Over the past couple of years, Etsy has implemented several changes, some of which forced users to look elsewhere. The increase in transaction fees paired with the lower quality standards meant that Etsy was no longer the undisputed king of online handicrafts. This isn’t to say that you should steer clear of Etsy at all costs. It still attracts millions of targeted visitors who are ready and willing to buy unique goods, art, and antiques. But if you want to reach a wider audience, use a platform without listing fees, or add new income streams, then you’d want to start using these Etsy alternatives.

Sites Similar to Etsy

1. IndieMade

Do you want to control all of your online activities in a single dashboard? If so, give IndieMade a shot. You probably know how frustrating it is to maintain your online store, blog, gallery, and everything in between—all while ensuring that your products remain high quality, unique, and appealing. IndieMade makes things immensely easier through its in-house website builder. This allows you to manage everything in one place, saving you precious time in the process. IndieMade takes pride in being a one-stop-shop for crafters and shoppers. Some people might say that it isn’t really similar to Etsy, but it’s worth trying if you want to set up your own e-commerce site.

2. Zazzle

Have you ever dreamed of seeing your own designs printed on t-shirts, mugs, and posters? Zazzle can turn your dream into reality. You can register as a “designer,” wherein you only publish your artwork without having to create your own products. Being a designer essentially means you’re selling the rights to your designs, allowing “makers” to use them on their products. Of course, you have the option of being a “maker,” which allows you to create a customized storefront for your products. One of the advantages of using Zazzle is that you can set your own royalty rate. Most users set it between 10% and 15%.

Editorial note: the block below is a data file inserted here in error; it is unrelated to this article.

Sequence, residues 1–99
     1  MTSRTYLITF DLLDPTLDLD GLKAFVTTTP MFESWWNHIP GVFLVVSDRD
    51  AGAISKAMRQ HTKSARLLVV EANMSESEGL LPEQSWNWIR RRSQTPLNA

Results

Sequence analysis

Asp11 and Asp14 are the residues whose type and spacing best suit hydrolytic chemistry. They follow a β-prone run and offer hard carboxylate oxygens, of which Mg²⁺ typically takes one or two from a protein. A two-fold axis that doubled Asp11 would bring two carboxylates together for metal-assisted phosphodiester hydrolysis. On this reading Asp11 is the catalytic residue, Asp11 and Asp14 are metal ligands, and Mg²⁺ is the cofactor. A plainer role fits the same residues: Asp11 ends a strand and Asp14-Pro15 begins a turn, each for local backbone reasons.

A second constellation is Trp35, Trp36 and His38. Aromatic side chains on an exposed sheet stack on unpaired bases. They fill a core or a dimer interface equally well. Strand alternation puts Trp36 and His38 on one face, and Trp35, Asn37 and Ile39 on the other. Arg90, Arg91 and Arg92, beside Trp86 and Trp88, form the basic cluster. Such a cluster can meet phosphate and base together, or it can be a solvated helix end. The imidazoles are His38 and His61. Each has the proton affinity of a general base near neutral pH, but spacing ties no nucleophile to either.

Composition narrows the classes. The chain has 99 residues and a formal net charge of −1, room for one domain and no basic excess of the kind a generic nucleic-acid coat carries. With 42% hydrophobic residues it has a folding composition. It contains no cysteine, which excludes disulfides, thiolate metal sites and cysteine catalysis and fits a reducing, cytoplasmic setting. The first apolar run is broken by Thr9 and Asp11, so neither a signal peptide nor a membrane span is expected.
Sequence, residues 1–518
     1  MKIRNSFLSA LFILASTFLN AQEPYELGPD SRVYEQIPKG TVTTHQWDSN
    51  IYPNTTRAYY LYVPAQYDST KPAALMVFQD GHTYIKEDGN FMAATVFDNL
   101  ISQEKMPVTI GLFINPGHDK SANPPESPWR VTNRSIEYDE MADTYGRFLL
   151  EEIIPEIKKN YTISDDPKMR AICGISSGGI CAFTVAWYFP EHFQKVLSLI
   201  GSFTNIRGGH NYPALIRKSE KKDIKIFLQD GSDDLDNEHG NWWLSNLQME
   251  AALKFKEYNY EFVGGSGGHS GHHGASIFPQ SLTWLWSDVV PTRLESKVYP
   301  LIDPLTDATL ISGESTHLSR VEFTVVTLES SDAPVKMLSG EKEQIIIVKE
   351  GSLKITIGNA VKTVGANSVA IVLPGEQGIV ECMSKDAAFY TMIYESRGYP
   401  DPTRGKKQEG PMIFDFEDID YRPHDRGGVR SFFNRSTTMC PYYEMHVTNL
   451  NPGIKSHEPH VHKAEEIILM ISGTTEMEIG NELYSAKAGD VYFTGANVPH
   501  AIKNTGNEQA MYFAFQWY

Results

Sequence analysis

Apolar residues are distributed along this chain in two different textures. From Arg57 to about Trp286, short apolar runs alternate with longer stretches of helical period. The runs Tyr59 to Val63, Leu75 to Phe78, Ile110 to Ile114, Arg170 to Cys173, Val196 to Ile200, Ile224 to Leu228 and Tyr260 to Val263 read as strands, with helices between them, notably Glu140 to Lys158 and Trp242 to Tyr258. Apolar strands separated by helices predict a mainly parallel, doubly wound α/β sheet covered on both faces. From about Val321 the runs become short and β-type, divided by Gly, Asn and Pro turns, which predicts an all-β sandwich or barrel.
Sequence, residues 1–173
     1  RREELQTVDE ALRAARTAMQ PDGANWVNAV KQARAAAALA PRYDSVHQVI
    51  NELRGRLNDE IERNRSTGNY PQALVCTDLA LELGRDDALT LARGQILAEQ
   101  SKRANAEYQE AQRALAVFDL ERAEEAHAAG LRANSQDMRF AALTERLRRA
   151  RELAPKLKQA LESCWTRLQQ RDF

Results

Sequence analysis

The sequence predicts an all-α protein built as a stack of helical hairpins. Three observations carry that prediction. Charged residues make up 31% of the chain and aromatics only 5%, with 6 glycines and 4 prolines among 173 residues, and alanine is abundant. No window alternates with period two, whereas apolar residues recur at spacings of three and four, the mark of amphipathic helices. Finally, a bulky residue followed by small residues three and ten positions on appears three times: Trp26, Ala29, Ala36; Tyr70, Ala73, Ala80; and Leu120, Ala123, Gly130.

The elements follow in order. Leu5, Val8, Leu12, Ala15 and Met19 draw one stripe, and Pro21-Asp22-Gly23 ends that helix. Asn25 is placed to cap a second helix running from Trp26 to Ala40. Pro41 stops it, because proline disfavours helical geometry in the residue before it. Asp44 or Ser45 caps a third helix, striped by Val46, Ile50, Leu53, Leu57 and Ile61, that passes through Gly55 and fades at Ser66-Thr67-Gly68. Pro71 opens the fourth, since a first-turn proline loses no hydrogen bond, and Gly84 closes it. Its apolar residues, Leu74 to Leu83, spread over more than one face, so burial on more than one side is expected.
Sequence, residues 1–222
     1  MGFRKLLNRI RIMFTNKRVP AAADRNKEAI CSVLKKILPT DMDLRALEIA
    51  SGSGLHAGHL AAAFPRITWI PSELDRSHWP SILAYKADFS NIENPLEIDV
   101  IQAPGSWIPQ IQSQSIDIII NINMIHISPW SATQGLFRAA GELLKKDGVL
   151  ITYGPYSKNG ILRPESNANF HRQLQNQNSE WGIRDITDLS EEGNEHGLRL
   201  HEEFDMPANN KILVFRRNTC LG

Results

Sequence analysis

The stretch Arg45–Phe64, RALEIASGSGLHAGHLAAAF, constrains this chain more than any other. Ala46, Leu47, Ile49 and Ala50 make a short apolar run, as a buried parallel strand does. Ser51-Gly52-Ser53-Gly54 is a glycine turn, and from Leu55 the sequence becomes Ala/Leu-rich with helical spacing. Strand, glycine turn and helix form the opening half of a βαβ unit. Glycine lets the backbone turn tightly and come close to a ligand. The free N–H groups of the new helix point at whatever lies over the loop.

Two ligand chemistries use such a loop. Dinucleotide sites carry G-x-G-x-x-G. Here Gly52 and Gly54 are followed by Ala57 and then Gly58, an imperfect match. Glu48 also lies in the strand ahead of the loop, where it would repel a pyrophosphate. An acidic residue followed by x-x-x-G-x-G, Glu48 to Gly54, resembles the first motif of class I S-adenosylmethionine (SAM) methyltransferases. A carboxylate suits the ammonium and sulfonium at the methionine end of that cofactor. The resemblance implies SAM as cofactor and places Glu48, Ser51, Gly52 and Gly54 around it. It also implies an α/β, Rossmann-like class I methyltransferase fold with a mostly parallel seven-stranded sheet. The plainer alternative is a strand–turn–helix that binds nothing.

3. ArtFire

ArtFire is one of the best sites like Etsy, connecting crafters and buyers from different parts of the world. It focuses on streamlining the process of selling your handicrafts online so you can focus on the quality of your products and letting their platform take care of putting them in front of like-minded buyers. When you upload your items on ArtFire, it shares them to all of the major search engines automatically, thus providing a quick visibility boost. They also have an online forum where you can talk with fellow crafters, getting tips about how to maximize your earning potential. The cheapest plan only costs $4.95, enabling you to start your online venture without shelling out a ton of capital.

5. Big Cartel

“Made by artists, for artists.” Sounds a bit cliché, but it’s actually an accurate description of Big Cartel. This website gives you all the tools you need to create an online store in a matter of minutes. It has been around since 2005, and they continue to be a favorite among artists and creators who need an online store to showcase their t-shirts, jewelry, and all sorts of art pieces. Setting up a storefront is made easy by the variety of free themes you can choose from. You can find one that matches your brand identity and resonates the look and feel you want for your website. From there, it’s all a matter of adding your products, updating them, and running promotions to attract more sales. What’s great is that Big Cartel only charges you based on the number of items you want to sell.

6. Bonanza